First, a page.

• If the cost of goods or services and compensation asked for exceed Rs 20 lakh then the complaint can be filed before the National Commission at New Delhi.


How to file a complaint
Pay attention to the details given here! If you mess up, your appeal will make it straight to the trash bin at the forum/commission.
  • There is no fee for filing a complaint before the District Forum, the State Commission orthe National Commission. There should be 3 to 5 copies of the complaint on plain paper.
  • The complainant or his authorized agent can present the complaint in person.
  • The complaint can be sent by post to the appropriate Forum / Commission.
  • A complaint should contain the following information:-

(a) The name, description and the address of the complainant.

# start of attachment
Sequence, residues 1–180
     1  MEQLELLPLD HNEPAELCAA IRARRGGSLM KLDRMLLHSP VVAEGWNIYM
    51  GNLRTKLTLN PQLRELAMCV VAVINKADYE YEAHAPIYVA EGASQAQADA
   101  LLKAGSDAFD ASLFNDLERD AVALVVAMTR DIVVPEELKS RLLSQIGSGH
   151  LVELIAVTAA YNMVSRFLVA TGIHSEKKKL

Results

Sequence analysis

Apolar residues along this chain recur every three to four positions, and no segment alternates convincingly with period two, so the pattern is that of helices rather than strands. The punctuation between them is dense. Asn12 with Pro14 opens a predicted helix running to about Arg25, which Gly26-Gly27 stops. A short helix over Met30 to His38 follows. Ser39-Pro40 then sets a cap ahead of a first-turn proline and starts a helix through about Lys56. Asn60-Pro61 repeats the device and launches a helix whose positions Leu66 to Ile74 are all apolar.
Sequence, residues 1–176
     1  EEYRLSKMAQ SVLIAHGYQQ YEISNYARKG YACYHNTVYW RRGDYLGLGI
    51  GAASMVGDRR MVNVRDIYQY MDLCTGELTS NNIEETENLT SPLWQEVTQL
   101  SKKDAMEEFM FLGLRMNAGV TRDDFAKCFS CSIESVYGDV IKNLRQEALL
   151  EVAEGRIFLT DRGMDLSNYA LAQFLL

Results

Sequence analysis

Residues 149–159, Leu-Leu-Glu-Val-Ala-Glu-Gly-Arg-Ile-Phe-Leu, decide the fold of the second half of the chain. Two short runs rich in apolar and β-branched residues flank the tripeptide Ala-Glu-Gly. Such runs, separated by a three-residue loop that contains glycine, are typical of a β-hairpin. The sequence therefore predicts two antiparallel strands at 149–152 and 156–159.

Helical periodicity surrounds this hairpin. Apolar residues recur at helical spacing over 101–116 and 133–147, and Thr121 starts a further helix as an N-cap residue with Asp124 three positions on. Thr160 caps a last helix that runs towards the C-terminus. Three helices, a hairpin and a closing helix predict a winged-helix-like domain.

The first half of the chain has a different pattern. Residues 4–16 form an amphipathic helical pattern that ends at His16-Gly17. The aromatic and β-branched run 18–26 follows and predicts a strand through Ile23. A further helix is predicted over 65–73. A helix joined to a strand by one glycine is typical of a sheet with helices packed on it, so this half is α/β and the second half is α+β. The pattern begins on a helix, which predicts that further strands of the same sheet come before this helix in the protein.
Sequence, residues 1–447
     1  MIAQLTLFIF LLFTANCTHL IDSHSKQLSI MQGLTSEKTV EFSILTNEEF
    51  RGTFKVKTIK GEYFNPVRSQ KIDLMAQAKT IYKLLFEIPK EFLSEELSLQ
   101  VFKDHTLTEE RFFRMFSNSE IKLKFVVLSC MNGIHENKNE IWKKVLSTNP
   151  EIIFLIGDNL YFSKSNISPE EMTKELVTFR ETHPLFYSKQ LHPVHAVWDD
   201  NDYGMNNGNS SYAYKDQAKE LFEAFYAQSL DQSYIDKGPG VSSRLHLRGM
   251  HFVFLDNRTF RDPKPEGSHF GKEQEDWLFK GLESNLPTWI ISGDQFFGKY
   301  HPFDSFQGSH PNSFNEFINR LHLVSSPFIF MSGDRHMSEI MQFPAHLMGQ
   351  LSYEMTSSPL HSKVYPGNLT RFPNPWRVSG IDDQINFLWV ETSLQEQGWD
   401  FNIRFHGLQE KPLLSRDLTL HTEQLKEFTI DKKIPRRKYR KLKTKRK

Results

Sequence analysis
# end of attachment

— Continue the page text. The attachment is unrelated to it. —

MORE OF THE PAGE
(b) The name, description and address of the opposite party or parties, as the case may be, as far as they can be ascertained;
(c) The facts relating to complaint and when and where it arose;
(d) Documents, if any, in support of the allegations contained in the complaint.
(e) The relief which the complainant is seeking.

  • The complaint should be signed by the complainant or his authorized agent.
  • The complaint is to be filed within two years from the date on which cause of action has arisen.
  • Appeal against the decision of a District Forum can be filed before the State Commission within a period of thirty days. Appeal against the decision of a State Commission can be filed before the National Commission within thirty days. Appeal against the orders of the National Commission can be filed before the Supreme Court within a period of thirty days.
  • Procedure for filing the appeal is the same as that of complaint, except the application should be accompanied by the orders of the District/State Commission as the case may be and grounds for filing the appeal should be specified.